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Eye Foreign Body in Children


Your child may have pain, sensitivity to light, or blurry vision for a few days.

Eye Anatomy


Return to the emergency department if:

  • Your child suddenly loses his or her vision.
  • Your child has severe eye pain.

Call your child's doctor or ophthalmologist if:

  • Your child has new or worse eye swelling.
  • Your child's symptoms do not get better, even after the foreign body is removed.
  • Your child has white or yellow fluid draining from his or her eye.
  • You have questions or concerns about your child's condition or care.


Your child may need any of the following:

  • Eye drops or eye ointment may be given to prevent an infection and decrease pain.
  • NSAIDs , such as ibuprofen, help decrease swelling, pain, and fever. NSAIDs can cause stomach bleeding or kidney problems in certain people. If you take blood thinner medicine, always ask your healthcare provider if NSAIDs are safe for you. Always read the medicine label and follow directions.
  • Prescription pain medicine may be given. Ask your child's healthcare provider how to give your child this medicine safely.
  • Give your child's medicine as directed. Contact your child's healthcare provider if you think the medicine is not working as expected. Tell him or her if your child is allergic to any medicine. Keep a current list of the medicines, vitamins, and herbs your child takes. Include the amounts, and when, how, and why they are taken. Bring the list or the medicines in their containers to follow-up visits. Carry your child's medicine list with you in case of an emergency.

Help your child's eye heal:

  • Tell your child not to rub his or her eyes. This may cause more damage or infection.
  • Tell your child not wear his or her contacts lenses until the eye heals. He or she should wear glasses only. This will give your child's eyes time to heal.
  • Have your child wear sunglasses as directed. Sunglasses help protect the eye and decrease sensitivity to light.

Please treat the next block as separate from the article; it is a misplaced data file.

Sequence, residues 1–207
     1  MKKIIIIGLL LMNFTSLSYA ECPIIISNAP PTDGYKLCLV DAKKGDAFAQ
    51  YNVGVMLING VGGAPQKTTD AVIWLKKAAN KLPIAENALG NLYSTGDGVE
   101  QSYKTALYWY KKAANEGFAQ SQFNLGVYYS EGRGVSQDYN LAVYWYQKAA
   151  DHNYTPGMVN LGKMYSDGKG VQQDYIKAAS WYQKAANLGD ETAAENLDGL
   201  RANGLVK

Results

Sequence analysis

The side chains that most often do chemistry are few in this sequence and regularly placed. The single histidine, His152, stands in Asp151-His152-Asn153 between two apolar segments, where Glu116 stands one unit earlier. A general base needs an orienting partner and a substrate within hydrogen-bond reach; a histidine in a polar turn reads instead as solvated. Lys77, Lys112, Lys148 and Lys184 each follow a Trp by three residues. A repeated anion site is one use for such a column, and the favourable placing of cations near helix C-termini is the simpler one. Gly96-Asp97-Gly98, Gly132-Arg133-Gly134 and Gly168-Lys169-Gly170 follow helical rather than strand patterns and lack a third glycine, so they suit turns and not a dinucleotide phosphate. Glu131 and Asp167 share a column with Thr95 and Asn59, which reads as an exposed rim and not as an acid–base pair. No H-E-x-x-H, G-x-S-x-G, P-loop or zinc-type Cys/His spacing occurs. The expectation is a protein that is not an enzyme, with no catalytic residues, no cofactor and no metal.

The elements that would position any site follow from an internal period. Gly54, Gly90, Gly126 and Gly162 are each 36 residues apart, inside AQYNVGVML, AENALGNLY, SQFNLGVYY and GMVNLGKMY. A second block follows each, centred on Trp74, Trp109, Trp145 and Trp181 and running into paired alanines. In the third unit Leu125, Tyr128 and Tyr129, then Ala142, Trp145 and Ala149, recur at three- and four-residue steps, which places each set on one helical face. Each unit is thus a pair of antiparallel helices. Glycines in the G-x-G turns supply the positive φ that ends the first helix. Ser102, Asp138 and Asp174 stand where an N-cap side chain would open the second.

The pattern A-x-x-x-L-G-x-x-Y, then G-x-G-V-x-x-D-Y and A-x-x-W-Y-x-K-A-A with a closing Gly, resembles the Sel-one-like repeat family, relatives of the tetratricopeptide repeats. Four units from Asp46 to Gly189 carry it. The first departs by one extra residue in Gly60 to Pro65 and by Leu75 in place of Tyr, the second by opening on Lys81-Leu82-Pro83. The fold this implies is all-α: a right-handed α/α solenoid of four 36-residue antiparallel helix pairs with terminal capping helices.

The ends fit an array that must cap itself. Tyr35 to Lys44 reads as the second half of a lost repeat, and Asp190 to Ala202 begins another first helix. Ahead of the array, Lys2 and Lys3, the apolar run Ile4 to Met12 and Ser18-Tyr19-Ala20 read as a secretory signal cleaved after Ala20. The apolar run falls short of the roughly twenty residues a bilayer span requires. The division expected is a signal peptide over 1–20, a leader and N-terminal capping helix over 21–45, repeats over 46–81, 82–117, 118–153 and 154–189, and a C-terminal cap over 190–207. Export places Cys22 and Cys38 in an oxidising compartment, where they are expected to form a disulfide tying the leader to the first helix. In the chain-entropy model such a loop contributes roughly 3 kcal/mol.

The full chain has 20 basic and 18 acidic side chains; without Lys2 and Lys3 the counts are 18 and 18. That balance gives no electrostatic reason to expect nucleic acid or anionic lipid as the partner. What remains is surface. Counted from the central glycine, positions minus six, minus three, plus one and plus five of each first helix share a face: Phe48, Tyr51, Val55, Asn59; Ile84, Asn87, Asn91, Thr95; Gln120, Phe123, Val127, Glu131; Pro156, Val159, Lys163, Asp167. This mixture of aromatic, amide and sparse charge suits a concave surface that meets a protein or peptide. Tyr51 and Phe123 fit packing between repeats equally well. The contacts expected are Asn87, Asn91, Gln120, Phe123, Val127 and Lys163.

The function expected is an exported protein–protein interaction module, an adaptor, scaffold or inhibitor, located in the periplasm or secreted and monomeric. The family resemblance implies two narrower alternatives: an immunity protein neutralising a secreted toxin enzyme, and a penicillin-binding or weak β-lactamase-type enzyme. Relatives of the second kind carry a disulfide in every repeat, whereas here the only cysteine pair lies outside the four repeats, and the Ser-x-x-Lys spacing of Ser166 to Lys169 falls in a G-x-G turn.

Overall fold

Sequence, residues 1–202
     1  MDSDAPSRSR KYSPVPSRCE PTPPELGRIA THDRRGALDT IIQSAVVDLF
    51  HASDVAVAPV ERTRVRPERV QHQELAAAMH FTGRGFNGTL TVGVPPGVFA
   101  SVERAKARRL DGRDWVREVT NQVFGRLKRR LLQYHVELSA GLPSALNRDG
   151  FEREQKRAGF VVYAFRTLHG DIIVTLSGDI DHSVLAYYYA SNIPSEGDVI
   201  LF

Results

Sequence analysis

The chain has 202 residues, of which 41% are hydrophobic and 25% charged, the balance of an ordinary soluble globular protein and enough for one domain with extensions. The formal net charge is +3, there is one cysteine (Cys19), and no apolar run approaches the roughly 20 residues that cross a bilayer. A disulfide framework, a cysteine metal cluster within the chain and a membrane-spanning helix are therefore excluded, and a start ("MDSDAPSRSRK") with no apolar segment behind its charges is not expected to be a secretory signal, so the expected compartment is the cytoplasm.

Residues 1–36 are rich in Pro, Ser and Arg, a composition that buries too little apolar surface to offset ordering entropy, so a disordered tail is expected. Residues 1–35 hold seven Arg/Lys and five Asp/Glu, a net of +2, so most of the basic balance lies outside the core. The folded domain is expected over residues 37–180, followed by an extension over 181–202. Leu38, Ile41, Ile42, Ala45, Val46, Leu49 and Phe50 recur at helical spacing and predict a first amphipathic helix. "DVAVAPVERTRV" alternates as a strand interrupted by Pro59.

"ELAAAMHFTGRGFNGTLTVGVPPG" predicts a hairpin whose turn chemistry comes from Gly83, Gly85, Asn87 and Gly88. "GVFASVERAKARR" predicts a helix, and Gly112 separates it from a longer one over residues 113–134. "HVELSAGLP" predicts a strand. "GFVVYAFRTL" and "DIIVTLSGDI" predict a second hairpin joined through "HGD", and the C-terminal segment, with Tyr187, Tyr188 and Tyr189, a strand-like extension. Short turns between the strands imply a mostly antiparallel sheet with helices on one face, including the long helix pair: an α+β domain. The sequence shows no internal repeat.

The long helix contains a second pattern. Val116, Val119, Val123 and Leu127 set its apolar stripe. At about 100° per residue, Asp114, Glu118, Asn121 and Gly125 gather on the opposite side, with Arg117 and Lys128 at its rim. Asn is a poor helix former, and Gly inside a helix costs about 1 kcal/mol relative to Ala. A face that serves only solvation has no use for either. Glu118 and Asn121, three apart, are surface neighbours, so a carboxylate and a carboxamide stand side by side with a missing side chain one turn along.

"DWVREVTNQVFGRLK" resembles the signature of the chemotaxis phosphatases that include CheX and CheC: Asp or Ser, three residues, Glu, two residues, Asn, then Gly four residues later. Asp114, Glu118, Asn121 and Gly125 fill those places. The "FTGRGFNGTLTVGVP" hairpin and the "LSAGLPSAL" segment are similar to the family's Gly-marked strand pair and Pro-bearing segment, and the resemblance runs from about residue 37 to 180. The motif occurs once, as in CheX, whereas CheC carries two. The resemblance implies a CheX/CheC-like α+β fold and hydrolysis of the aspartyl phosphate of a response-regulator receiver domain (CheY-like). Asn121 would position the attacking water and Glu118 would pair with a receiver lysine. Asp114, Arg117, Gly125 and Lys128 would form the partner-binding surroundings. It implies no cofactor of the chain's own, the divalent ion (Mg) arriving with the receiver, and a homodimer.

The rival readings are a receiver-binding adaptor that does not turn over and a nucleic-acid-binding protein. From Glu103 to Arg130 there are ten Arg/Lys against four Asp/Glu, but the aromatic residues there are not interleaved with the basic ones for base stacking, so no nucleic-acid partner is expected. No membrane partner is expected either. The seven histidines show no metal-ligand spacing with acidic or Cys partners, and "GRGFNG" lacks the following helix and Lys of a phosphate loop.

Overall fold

Prevent another EFB:

  • Have your child wear protective eyewear. Your child should wear protective eyewear when he or she works with chemicals, metal, or wood. He or she should also wear protective eyewear during sports such as racquetball or swimming. Make sure the eyewear wraps around the sides of your child's face. Do not let your child use regular eye glasses for eye protection. They will not protect your child's eyes from foreign bodies or chemicals.
  • Make sure your child uses contact lenses as directed. Tell your child to wash his or her hands before he or she cleans, inserts, or removes contacts. Your child should insert and remove contact lenses correctly. Have your child clean and change contacts as directed to help prevent eye damage or infection.

Follow up with your child's doctor or ophthalmologist in 1 to 2 days:

Write down your questions so you remember to ask them during your visits.

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The above information is an educational aid only. It is not intended as medical advice for individual conditions or treatments. Talk to your doctor, nurse or pharmacist before following any medical regimen to see if it is safe and effective for you.

Learn more about Eye Foreign Body in Children (Aftercare Instructions)

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Further information

Always consult your healthcare provider to ensure the information displayed on this page applies to your personal circumstances.